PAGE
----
DIVERSITY + INCLUSION
Did transphobia win JK Rowling the Russel Prize 2020?
24th March 2021
Last December, JK Rowling was announced as a winning recipient of the annual Russel Prize for 2020, for her controversial essay on sex and gender, which, when first released, triggered public outcry due to the transphobic nature of the piece. The Harry Potter author uses the piece to open up about her experiences of domestic abuse and sexual assault, appearing to use these experiences to back up claims that the rise of trans activism is having an adverse effect on the protections for women in similar circumstances. The piece focus on the idea that without the need for surgery or hormone treatment to obtain a gender recognition certificate, the door is open for more men to come through and perpetrate further crimes against these women and others.
The Russell Prize, established in 2017 and named after Bertrand Russell, is awarded annually to celebrate journalism and writing that honours the three main virtues associated with Russell’s work; plain language, pertinent erudition, and finally, moral force. BBC media editor Amol Rajan, while reviewing the works of the prize winners, claimed the reasoning behind the inclusion of JK Rowling as a recipient of the award, despite the claims of transphobia, was for her use of plain language, which made the essay clear, concise, and easily understood by the reader. However, with moral force being the third virtue behind the criteria for the award, and with the piece very clearly appearing to lack much of the required ethical energy which is considered so important for the award, it becomes apparent that those awarding the prize must believe Rowling’s reasonings behind this attack on trans women, to be ethical, viewing it as a justified piece.
“While looking deeper into Rowling’s wording and language use, it is clear that despite her use of plain and simple language to make her points, she still words her sentences in a way that shields what can be read as deeply rooted transphobia”
While there are claims that the prize is being awarded on the base that it makes use of simple and plain English, a valued virtue of Russell, it contradicts the third virtue due to its poor ethical stance towards the classification of trans women as women. Claims can be made that the piece clearly and concisely states a hope for the safety of trans women through the line “So I want trans women to be safe.” however, the ending of this sentence “At the same time, I do not want to make natal girls and women less safe”, differentiates what she considers as ‘natal’ women from trans women. In doing so, the piece gives the impression that there is a separation between both groups, and suggests that Rowling does not view trans women as women, or as vulnerable to the same experiences had by ‘natal’ women.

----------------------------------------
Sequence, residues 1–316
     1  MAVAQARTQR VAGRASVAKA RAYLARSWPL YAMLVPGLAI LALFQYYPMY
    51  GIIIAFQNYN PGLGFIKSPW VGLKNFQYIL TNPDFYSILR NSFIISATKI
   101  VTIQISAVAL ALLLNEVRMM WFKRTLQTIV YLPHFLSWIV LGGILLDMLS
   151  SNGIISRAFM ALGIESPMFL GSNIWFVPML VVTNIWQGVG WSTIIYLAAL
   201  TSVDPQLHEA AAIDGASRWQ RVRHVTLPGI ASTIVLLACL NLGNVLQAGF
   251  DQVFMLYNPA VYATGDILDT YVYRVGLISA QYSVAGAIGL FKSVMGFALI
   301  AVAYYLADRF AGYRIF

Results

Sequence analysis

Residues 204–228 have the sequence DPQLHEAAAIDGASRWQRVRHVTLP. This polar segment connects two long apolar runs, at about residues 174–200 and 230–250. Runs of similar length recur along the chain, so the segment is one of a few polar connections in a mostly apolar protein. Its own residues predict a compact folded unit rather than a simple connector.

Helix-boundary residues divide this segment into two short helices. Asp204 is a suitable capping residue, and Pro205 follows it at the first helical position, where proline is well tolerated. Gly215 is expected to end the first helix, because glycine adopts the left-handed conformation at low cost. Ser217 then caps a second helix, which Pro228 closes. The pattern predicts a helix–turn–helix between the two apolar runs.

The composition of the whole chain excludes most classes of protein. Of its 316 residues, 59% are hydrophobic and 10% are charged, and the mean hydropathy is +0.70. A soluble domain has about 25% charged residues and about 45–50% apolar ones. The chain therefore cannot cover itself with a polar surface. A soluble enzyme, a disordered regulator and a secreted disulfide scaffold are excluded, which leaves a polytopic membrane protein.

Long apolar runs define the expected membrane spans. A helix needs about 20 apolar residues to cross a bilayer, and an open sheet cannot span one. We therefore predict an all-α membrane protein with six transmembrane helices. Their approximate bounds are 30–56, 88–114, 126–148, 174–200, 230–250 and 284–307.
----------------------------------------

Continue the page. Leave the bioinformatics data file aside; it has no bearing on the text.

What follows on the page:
While looking deeper into Rowling’s wording and language use, it is clear that despite her use of plain and simple language to make her points, she still words her sentences in a way that shields what can be read as deeply rooted transphobia, as the differentiating of trans women from ‘natal’ women is a long running transphobic ideology, and the hidden suggestion that trans women are simply men angling to perpetrate crimes against women through accessing women’s bathrooms is in itself transphobic.
As such, by ignoring both the lack of morality or ethical writing throughout the essay, as well as the deeper meanings behind the supposed plain and simple language, it can become evident to many readers that Rowling’s piece cannot simply be awarded such a prize while clearly lacking the necessary virtues associated with it. Although we cannot claim that Rowling was awarded the Russel Prize as a result of transphobia, we must recognise that her nomination for an award involving ‘moral force’ was done with full knowledge of the transphobic ideology contained within her piece.
Photo by Ken Schwartz on Flickr